Enough pre-event guff!!! The weather during the week of the Port to Pub was looking pretty crap, but our trusty skipper Blair was keen for us to attempt the crossing as he would make an early call to abandon for safety if needed, which I fully supported. I arose on Saturday morning at 03:30 to get ready for the duo crossing. After 4-5 hours’ sleep, I was bleary-eyed but keen to go. Blair and another paddler Matt picked me up (Matt, Blair and I used to run 100km mountain ultra-marathons), and we headed to the south end of the Swan River somewhere near Point Walter to launch the boat into the darkness. We steadily headed down the river toward Fremantle under the Stirling bridge to exit into the Indian Ocean before heading north towards Leighton beach where we would hold 1km or so offshore to meet our swimmer Laura who would be starting from the beach.

At 06:40 Laura departed Leighton beach, and we headed towards the meetup point about 1km or so off Leighton where we met Bruce Armstrong our second paddler who was paddling around looking for Laura. After a few minutes, he found her, and we meandered through the other boats to get clear so we could do the firsts changeover.

With my colourful trunks, goggles and hat I entered the water and high fived Laura and continued towards Rottnest. From now on the swimmer follows the paddler and the paddler follows the Skipper on the boat who is responsible for our overall safety and getting us there in a straight line (Following a Rum Line). After twenty minutes it was time to change over and for Laura to get back in again. Our strategy was 20 mins on/ 20 mins off. I headed back to the boat to hydrate and rest before my turn.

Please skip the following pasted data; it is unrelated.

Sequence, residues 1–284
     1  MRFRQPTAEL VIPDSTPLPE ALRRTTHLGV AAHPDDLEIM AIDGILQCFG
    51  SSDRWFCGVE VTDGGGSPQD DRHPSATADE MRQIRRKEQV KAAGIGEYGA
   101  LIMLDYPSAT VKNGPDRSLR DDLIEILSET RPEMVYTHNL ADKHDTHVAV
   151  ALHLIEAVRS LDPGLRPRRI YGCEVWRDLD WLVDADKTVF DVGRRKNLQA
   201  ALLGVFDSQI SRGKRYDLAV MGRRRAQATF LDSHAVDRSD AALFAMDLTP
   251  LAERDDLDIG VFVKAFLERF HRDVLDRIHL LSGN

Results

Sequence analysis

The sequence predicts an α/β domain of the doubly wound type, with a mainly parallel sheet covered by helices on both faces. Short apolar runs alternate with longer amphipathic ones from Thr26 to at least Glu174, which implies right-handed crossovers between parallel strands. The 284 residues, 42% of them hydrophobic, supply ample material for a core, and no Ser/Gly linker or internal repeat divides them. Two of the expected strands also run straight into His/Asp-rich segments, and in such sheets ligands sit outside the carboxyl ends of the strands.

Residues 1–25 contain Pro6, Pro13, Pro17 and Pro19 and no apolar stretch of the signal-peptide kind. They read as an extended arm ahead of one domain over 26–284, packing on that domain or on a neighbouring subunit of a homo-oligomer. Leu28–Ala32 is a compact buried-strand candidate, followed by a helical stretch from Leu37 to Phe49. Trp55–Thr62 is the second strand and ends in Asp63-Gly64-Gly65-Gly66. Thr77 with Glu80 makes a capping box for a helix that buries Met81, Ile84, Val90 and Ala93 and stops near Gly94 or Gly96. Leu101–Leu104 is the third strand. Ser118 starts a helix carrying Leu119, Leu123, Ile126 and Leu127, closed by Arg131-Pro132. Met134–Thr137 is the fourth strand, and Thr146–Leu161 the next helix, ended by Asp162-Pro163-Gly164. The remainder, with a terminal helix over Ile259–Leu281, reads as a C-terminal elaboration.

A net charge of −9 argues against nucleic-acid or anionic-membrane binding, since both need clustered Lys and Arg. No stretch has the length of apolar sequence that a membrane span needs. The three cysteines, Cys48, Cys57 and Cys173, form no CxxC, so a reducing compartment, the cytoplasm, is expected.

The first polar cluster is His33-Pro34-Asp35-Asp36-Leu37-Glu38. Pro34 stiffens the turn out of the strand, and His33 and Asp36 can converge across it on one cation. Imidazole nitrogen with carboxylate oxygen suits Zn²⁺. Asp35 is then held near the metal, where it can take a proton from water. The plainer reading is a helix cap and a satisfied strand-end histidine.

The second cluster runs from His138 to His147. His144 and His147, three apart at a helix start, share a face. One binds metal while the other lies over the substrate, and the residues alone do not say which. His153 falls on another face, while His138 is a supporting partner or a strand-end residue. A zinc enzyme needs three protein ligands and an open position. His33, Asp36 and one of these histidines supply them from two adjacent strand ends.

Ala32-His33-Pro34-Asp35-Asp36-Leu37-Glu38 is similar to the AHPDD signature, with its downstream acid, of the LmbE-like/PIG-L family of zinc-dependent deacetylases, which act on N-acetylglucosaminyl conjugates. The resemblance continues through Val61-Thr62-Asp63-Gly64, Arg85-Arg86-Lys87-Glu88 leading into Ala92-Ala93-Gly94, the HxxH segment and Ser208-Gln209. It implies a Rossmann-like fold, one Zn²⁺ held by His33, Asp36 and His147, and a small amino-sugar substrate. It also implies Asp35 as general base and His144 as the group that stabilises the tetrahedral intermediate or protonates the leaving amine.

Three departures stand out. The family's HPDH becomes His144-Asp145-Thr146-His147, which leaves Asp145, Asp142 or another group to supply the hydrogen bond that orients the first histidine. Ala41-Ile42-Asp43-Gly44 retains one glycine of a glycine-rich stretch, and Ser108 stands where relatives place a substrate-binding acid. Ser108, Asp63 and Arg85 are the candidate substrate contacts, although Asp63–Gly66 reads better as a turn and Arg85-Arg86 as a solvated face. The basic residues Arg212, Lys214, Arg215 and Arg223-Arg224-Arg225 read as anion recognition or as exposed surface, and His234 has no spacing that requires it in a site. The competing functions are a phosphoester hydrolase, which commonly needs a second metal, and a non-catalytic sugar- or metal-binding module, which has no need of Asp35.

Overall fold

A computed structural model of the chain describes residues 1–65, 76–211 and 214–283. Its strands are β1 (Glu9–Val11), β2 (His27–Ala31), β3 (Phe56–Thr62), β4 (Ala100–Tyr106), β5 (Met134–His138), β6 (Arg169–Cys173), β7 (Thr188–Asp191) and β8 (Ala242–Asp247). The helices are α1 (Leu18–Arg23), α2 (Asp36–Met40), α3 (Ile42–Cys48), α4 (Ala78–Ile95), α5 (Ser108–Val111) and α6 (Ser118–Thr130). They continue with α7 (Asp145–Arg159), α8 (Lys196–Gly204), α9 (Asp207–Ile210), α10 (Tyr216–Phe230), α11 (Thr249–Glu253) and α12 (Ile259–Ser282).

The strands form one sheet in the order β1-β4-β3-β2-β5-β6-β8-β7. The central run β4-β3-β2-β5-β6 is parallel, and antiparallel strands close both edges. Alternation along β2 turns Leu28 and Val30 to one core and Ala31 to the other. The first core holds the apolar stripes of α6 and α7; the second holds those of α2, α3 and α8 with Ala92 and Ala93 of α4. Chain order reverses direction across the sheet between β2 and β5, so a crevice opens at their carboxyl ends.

At this stage everything was going well, the sea was choppy, and the water was a bit cooler, but we were making good ground (Or Water !!) and we were feeling good. I ended up swimming straight into a flock of Jellyfish (What is a group of Jellyfish? School?) and I got stung all down my right-hand side, a few F- words and I was off again in the right direction.

We passed the 5km mark, and all was well, however, it was getting rougher and rougher by the minute. Although I was getting a little queasy, I was still feeling okay. Then somewhere around the 8 or 9 km mark, it was my turn to swim. Now the sea was rocking me in every direction. Waves broke on my back, and I was swallowing water and had to be strategic about when I took a breath. I mainly turned to the right to protect myself from the south westerly swell so I could take a breath. My stomach churned, and my head got light, and then I turned to my side and did two bouts of projectile vomit as I wretched from the depths of my guts. I continued feeling like crap but determined to go. I changed over with Laura and tried to rehydrate as much as possible. I struggled on and managed to do a few more changeovers, each time seeming harder than the last, and now I was getting colder.